During their funeral, one of their kids referred to their dad as their “love-blinded cheerleader”. What a beautiful, accurate description. And I can’t help thinking that he got that from his Daddy. He had the deep revelation that God’s attitude toward us is that of a “love-blinded cheerleader.” God is so crazy in love with each of us, and if we knew just how much, we’d love others differently. Ty & Terri knew something deep down in their bones that could be called “the secret of life”. They wanted us all to know—to REALLY REALLY believe—that God was head over heels for us. They knew that if people could get ahold of that truth, experience it, and believe it with every fiber of their being, our world would be changed.
Feeling this loss, watching the collective pain of our community, and reading about their lives has begun to work a change in me. As often happens with tragedy, I see my world clearer. Ty & Terri left no regrets, and I want to make sure I live “regret-free” too. The things that really matter are coming into focus. Meditating on their lives is changing the way I treat my kids, my husband, and it’s shifting my whole perspective on life. What really matters is that God loves us with an everlasting love. My daughters’ Bible says a “Never-stopping, never-giving-up, unbreaking, always and forever love.” I want my life to be oriented around this. Jesus is what matters. And when I know his love, I can share it.
God, though it hurts so badly because we love them so much, may we feel the full effect of two lives well lived. May we let our own lives be changed by the perspective their death brings. Let us throw out everything in our lives that doesn’t matter, that doesn’t last, and run with our eyes on eternity. May we live our lives to the fullest, and may we live them for love. Thanks, Ty & Terri, for showing us how.
Pajama Picnic Potty Party! (I know all you English teachers out there appreciated that alliteration.) Let’s all take a guess as to what day this was…go ahead, just take a stab in the dark. Yep, Sunday. And not 2 minutes after this picture was taken, the cereal in those bowls was spread all over my bathroom floor. My bathroom is a happenin’ place on Sunday mornings. There’s nothing more fascinating than mom putting on makeup…or mom burning herself with the curling iron…or mom screaming in pain over said burn…or mom trying to pee while attempting to keep the toddler out of the shower. It’s a losing battle, friends. If you ever see a mom looking disheveled, crabby, or raccoon-eyed from the sleep deprivation, do me a favor. Walk right up to her with a big smile and tell her how beautiful she is. Offer to get her some coffee and take one of the million items she is juggling, and tell her she’s doing a good job. Even if her kids are disturbing the peace and running rampant all over the joint. Chances are, it was an uphill battle to get where she is (which is anywhere out of the house). Chances are, she could use a gesture of kindness and solidarity from another (adult) human being. Chances are, she’s feeling overwhelmed or tired from carrying the burdens of her day-to-day life, and a smile and a connection will give her the encouragement she needs to keep on truckin’. We’re all gonna make it, dangit. But not without each other.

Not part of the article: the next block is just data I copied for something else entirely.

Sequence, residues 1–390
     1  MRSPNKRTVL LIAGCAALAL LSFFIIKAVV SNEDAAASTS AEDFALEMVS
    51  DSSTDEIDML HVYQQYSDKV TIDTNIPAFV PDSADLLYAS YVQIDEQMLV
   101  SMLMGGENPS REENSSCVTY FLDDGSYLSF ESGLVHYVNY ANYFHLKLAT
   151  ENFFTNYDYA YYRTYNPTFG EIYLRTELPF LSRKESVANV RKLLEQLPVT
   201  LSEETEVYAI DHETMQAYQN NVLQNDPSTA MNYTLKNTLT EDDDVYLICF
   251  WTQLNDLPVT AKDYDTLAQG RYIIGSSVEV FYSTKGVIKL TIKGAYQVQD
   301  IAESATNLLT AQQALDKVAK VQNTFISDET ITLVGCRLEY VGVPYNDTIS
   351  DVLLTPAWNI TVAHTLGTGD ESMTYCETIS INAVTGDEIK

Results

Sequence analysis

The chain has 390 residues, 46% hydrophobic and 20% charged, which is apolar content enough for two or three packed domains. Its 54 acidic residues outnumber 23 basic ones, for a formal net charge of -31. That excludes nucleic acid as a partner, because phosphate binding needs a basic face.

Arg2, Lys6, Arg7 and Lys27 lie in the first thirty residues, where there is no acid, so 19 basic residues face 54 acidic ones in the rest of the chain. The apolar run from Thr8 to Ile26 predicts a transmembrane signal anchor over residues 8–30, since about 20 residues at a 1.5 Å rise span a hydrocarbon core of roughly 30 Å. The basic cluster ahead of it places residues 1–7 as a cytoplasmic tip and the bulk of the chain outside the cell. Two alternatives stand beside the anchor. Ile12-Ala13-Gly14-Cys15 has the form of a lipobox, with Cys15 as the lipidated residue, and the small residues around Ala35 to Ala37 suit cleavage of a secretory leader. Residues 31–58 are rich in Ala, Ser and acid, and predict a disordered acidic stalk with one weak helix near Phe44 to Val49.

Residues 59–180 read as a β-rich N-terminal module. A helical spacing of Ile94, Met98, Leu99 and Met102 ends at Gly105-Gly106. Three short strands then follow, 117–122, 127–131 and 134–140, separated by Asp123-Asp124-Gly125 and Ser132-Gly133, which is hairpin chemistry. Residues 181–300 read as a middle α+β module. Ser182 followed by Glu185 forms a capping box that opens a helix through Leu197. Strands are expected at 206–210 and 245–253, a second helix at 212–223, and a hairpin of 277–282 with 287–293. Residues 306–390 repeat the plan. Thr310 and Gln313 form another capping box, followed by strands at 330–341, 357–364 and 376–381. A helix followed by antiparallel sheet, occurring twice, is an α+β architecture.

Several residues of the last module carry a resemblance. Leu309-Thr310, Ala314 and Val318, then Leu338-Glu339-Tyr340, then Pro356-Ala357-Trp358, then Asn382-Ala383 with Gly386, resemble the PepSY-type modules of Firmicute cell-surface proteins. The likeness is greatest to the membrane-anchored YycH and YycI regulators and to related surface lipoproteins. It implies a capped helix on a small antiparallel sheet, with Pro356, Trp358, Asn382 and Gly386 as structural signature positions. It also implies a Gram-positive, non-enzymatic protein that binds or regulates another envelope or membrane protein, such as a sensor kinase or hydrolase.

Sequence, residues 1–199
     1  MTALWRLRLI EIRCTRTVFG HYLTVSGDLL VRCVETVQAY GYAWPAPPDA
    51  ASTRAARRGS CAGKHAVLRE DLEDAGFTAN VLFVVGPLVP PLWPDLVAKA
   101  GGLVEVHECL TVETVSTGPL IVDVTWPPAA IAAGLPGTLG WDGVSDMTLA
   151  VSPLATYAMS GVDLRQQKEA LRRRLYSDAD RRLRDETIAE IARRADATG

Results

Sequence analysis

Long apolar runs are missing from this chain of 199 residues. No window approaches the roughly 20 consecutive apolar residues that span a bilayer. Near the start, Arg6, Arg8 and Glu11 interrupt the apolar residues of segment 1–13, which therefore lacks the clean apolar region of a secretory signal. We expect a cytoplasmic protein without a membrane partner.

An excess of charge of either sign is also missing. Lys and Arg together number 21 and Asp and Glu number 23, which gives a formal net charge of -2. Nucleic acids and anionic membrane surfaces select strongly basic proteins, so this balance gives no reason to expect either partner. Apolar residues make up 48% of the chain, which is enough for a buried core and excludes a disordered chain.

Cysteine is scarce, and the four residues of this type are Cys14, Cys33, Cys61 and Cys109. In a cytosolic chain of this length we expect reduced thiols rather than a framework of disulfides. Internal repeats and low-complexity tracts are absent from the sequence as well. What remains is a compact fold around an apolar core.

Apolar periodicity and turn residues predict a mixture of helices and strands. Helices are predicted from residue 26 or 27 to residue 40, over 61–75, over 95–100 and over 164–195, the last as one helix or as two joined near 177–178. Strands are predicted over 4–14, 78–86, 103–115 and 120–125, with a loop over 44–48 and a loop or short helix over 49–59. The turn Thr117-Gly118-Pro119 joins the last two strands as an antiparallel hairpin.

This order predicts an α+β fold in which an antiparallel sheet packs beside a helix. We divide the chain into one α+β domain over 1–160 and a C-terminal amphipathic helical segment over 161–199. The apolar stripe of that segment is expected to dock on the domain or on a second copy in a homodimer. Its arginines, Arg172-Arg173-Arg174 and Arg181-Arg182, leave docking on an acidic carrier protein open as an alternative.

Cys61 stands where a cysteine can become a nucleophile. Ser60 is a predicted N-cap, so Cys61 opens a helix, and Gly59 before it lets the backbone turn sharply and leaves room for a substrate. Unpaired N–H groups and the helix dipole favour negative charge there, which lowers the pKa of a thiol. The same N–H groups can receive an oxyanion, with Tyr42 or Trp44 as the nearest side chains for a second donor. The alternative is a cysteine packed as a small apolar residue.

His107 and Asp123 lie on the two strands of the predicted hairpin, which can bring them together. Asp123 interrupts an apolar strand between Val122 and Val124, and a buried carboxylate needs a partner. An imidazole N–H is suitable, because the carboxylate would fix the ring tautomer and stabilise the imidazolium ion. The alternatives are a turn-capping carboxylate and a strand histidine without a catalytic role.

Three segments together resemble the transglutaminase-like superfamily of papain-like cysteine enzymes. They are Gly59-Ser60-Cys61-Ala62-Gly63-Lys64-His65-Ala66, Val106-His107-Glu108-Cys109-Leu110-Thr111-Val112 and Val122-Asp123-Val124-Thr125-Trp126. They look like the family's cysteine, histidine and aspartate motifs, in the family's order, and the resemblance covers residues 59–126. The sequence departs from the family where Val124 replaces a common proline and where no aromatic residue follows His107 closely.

The truth is, it’s not just moms that need this. We all go through seasons where we feel like we’re fighting an uphill battle. We all need kindness and solidarity from one another. And we all get tired and overwhelmed by carrying our burdens. These feelings are universal. I know this because I haven’t always been a mom, and I know plenty of people who aren’t. Loneliness is an epidemic in our society, even though we’re technically more “connected” than ever, thanks to social media. (The irony of me mentioning this via social media is not lost on me.) I hear the desperate cry for connection from almost every person I encounter, even if it’s not overt. I feel the cry bubbling up from within myself.
This hunger for deeper connection has caused “community” to become a popular buzzword in our culture. I seem to see it every time I turn around. Unfortunately, everything claiming to provide community usually falls short of the expectations tied to that word. What have we come to expect of “community”? So many things, but here are just a few I’ve heard in many conversations on the subject: Deep, authentic relationships. Help and support. To be treated like family. What do we find in the reality of community? Messy, complicated relationships with broken people. Some help, though imperfect and usually different than we prefer. The striking realization that these other difficult, broken people want to be treated like family, too. (The nerve!) True community is a can of worms people often regret opening. People often get hurt, and then run away to nurse their wounds, which is a natural and understandable response.